Linda Burke June 08, 2014 at 01:38 PM
Hi Denise. First, I don't know anything about District 181, beyond what anyone can see in the papers. So I have no comment on 181. I'm only active in 86. You reference the "smart, informed, and thoughtful" citizens of Hinsdale. Smart and thoughtful they are, but to be informed on what happens in the schools, it's important to go to board meetings. Fortunately more people are doing just that. The papers don't report everything. WHere has any teacher said they don't want to work under the "dreadful" elected school board? There is no such statement. Why not read what the teachers really did have to say, also published in Patch? Evidently, some people trust the present board majority to the point of approving hundreds of thousands in extra spending on administration and outside consultants, even as we are cutting faculty and downgrading our academic program. Yes, Mr. Corcoran has argued that hiring a more expensive CFO with no school experience would somehow release more funds for education. But that's not what the CFO himself has to say. At the most recent Finance Committee meeting, which I attended, it was interesting to hear that CFO explain how each "building," what some of us call schools, would receive exactly the revenue it had last year. The CPI is up, enrollment is up, spending on administration is way up, time and money were wasted on the outrageous Barrett settlement, but each "building" will have exactly what they did last year--for education, clearly a low priority. This plan also equals program cuts, given a rising CPI, rising enrollment, and so much funding diverted away from education. Some people are too busy to keep up with all this, some people evidently approve--but fortunately, many others are beginning to question.
Ken Wilson June 14, 2014 at 05:48 PM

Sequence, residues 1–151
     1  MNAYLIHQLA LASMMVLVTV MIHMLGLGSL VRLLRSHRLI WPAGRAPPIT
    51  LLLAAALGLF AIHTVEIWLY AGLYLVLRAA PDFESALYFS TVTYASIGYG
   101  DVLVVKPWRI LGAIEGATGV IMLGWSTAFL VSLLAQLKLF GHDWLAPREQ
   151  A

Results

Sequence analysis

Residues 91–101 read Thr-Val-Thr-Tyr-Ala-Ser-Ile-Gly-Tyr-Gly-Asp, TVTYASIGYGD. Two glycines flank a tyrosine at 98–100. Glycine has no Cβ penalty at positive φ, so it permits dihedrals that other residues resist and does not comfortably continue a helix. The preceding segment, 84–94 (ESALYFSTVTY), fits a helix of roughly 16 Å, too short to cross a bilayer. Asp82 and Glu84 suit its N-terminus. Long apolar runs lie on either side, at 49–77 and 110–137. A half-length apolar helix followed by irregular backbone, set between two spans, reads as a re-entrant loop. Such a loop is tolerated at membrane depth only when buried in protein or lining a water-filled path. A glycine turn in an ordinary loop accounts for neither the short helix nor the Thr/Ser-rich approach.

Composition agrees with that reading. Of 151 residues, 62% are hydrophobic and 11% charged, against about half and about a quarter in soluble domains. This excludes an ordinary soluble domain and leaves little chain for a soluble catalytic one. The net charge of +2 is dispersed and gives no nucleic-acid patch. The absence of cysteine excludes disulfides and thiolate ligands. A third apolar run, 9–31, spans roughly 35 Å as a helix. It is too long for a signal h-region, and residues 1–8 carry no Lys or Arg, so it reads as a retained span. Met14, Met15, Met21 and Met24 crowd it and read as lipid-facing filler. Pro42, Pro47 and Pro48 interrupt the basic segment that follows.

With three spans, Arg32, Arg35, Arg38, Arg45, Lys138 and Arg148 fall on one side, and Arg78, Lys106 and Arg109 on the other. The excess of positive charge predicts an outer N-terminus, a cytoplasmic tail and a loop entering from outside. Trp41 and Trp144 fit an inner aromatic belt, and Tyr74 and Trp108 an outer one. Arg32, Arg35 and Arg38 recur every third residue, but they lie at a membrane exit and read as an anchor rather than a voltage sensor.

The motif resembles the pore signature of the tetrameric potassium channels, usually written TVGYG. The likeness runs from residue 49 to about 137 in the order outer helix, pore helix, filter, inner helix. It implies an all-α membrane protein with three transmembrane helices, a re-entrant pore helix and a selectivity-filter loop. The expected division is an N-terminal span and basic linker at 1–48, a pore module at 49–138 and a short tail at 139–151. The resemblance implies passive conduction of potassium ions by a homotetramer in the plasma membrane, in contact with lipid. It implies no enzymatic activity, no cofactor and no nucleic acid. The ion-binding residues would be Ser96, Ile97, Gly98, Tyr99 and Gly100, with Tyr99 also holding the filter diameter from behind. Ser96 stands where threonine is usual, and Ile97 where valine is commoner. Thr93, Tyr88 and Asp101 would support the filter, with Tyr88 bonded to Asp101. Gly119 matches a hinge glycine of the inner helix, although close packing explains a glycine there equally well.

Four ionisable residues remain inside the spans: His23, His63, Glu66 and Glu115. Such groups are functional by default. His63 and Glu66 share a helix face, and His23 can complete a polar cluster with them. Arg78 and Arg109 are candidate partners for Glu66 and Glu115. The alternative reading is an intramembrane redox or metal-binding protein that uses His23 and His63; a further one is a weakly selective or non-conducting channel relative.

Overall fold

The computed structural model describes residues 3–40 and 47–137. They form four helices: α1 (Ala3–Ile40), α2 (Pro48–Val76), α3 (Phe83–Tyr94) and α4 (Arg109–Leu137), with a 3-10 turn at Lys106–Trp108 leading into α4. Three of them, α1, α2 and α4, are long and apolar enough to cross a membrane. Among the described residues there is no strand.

There is a distinct difference in opinion. One opinion suggests the state of Illinois public employees are performing at a high level of administrative fiscal oversight and "school experience" is a sought after criteria when seeking someone highly skilled to perform valued oversight and active management of a $100,000M public school budget everyone is trying to get their sticky little, fat fingered hands on. The other opinion suggests someone who has survived in the most demanding, high performing areas of corporate finance may have something to bring to D86 in terms of best practices regarding $100M in spend and another $60M in reserves. Do you want to recycle the same old stale ideas and policies typical that provide $20M of D86 cash reserves were earning less than .25 interest or bring someone in proven to be successful and a winner in the most competitive of corporate environments with the expectation they bring that same energy, can do attitude, and financial best practices to D86? Are the best, brightest and highest performing financial CFOs limited to currently working for the schools or is it possible exceptional talent that will excel in the role can be found in the private sector. You know you are important when your toady has their own toady. Now if may take Baum and Gilbane a while to get some good no-bid contracts or influence this new head of the money purse. In the mean time others can still seek influence and try to donate thousands of dollars to a couple board members like the Perkins architect firm's donation and the teachers' union donations to board members that in turn vote on their contracts. Let's hope this new CFO is active in establishing ethics policies that seek to diminish this apparent conflict of interest between board members getting cash from vendors and employees and then voting on those same contracts. When they say it is not about the money, guess what it is about the money.